_Opinion: Dekmantel's Sophisticated Playground

_Opinion: Dekmantel's Sophisticated Playground

After hearing endless good things about the festival from friends and music enthusiasts alike, I had the wonderful pleasure of attending Dekmantel festival’s fourth edition, held in the green and leafy national forest of Amsterdamse Bos, located south west of the capital. Needless to say the gushing praise I had encountered prior to going was rightly deserved.

With such a mammoth program to enjoy, it was humanly possible for me to document all my thoughts on the sensational music offering that was rest-assured guaranteed across the various stages. There are however a few stand-out moments that the old noggin managed to preserve.

      Amongst a sea of star-studded acts, Friday’s line-up boasted techno heavyweights Surgeon (UFO stage) and Jeff Mills (Main stage), with minimal techno enthusiast Ricardo Villalobos setting the scene aptly on the main stage for his fellow fanatics with a stonking two and half hour set. Villalobos’ trippy track selection sent the crowd on a disorientating journey, perfectly captured in this short clip featuring an unreleased track by Mexican producer Sakro

It was like witnessing a family reunion, with close friends and family dancing and chatting- interrupted only with a brief appearance by Moodymann himself as he popped by following his funkadelic set in the Greenhouse.

The highlight of the day however- perhaps of the entire festival- was witnessing the Detroit legends that are Theo Parrish and Marcellus Pittman b2b for five hours on the Selectors Stage. It goes without saying that the anticipation in the crowd was overwhelming, especially as the pair delayed their start by half an hour; this was forgiven, as Young Marco’s preceding funky set satisfactorily satiated the appetite of the ravenous fans. It was like witnessing a family reunion, with close friends and family dancing and chatting- interrupted only with a brief appearance by Moodymann himself as he popped by following his funkadelic set in the Greenhouse. The collective joy surrounding the stage was a beautiful thing to be a part of. The atmosphere was accompanied by highly danceable Chicago House, think- ERB’s The Weekend,  yet soon descending into jazzy beats which admittedly brought the crowd to a stand still- we weren’t quite sure how to dance to the crazy instrumental solos, but nevertheless appreciated the weird and wonderful sounds before us. With very few European bookings a year, it was no wonder the stage was rammed to catch a glimpse of Parrish- luckily the folks at the electric minds have managed to secure the man himself for an all-night long session at the Hydra in October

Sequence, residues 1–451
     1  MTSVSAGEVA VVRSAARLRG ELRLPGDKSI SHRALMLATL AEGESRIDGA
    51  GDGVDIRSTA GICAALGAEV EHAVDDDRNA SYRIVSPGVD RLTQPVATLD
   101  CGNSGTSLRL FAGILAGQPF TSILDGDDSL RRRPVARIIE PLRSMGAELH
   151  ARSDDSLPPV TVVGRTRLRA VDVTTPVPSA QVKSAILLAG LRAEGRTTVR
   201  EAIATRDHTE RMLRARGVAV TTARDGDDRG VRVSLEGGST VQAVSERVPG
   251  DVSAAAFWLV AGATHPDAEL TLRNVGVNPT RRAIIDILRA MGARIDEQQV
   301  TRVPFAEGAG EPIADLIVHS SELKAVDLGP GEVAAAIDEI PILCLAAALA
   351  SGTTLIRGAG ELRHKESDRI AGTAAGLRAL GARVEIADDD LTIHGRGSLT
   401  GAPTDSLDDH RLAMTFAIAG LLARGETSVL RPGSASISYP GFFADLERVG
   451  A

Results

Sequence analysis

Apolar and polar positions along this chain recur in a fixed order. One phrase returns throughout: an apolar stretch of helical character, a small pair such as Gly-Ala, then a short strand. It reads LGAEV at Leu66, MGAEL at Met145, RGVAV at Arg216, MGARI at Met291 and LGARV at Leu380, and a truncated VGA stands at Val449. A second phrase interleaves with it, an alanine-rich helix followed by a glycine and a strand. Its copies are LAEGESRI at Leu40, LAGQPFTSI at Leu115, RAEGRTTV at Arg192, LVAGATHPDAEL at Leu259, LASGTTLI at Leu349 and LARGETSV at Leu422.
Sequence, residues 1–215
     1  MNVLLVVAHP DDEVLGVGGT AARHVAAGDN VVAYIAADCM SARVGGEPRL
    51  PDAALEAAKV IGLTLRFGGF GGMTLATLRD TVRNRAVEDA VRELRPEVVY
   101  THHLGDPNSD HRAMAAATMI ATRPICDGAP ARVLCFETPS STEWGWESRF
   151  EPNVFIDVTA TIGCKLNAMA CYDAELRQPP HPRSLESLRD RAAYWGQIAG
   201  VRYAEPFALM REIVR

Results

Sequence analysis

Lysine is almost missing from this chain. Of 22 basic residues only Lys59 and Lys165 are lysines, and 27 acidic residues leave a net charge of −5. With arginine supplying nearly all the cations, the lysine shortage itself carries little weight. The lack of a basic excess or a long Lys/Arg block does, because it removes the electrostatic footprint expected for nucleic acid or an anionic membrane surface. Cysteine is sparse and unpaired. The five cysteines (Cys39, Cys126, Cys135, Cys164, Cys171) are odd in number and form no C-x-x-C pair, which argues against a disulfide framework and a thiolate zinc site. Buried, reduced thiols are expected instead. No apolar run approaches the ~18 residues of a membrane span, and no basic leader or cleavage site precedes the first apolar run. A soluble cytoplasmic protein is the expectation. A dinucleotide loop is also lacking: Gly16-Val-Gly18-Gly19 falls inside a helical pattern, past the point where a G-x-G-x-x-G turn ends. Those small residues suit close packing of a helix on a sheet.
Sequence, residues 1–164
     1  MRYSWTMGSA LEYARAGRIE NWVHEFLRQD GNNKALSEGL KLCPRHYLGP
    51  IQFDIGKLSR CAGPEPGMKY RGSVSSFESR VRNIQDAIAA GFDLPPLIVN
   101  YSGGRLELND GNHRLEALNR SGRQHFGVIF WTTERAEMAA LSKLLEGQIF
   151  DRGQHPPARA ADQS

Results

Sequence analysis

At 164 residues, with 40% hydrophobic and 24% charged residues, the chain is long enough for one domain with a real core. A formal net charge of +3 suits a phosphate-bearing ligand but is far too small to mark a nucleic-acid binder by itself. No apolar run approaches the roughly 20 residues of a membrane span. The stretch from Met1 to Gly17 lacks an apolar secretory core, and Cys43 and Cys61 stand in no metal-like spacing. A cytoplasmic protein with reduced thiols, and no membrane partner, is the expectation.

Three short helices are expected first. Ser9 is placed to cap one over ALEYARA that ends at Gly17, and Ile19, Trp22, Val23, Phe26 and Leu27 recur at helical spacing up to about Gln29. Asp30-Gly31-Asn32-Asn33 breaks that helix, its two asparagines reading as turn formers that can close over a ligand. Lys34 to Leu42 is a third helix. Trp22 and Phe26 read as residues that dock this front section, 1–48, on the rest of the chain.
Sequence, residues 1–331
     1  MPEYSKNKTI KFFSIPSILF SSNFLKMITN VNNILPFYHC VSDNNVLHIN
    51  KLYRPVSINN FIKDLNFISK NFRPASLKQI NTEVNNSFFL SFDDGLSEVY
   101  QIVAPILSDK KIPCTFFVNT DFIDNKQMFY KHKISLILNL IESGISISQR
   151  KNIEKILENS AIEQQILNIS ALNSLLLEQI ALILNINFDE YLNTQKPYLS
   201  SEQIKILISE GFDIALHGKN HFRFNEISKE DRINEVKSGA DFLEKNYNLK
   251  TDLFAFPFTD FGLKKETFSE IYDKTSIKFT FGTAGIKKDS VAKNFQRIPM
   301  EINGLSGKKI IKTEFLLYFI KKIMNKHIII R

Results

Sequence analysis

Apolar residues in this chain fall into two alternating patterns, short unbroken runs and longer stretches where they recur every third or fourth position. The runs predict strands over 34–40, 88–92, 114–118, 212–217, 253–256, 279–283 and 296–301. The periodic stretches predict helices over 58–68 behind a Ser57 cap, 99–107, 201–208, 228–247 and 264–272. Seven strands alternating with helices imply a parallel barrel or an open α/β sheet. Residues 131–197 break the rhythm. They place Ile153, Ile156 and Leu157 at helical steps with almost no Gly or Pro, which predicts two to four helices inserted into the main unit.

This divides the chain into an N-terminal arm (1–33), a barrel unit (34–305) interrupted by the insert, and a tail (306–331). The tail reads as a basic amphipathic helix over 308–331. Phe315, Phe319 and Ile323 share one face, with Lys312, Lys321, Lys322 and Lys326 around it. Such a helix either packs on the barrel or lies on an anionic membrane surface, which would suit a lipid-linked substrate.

Saturday’s bill brought along more musical treats, including Midland’s summery, feel-good main stage offering (Midland- Final Credits), as well as Antal’s ridiculously funky Boiler Room set. Canadian duo Pender Street Steppers coupled with Washington DC pair Beautiful Swimmers on the Selectors stage sent an electric surge of energy in the crowd through what seemed like a dance-off between the two acts behind the decks as Pick Me Up by RIP Productions was blasted through the speakers.

      Later in the evening as darkness descended, the UFO stage was the place to be, with Nina Kraviz delivering a head-spinning two-hour set bringing Saturday’s proceedings to a close. Kraviz completely brought the house down with No Good by the Prodigy, sending the crowd into a bouncing frenzy- the place made for the perfect environment to lose one’s self in the gritty musical backdrop.

      Sunday brought along another flurry of talent including expectedly intense sets by Ben Klock, Digital Mystikz, and Marcell Dettmann, however it was the contrast of Lee Scratch Perry in the Greenhouse that caught my attention. The Jamaican dub pioneer, sporting his red beard, red wine in hand, microphone in the other, stumbled about the stage as dub producer Adrian Sherwood masterfully carried Perry through the set, bringing a smile to everyone within the glass structure.

On the main stage, excitement was brewing for Amsterdam’s own Bas Bron, more widely known as Fatima Yamaha. His live set did not disappoint, featuring several tracks from his 2015 album Imaginary Lines. [Catch his live set in Bristol at the Small Horse Social Club in September.]

The emotional closing set of the final day delivered by house extraordinaire Motor City Drum Ensemble was icing on the cake

It goes without saying that Danilo stayed loyal and true to his love of funk (and simultaneously to his enormous following), dropping James Brown’s I’m Satisfied, and orchestrating a beautiful synchronised fist-bumping illuminated by the magical pink and purple flashing lights of the main stage with Andrés’ New For U. His set ended with people dancing on stage, ear-to-ear grins all round, and tears- a wonderful way to end a wonderful festival.

 

Suraiya Hussain (Writer)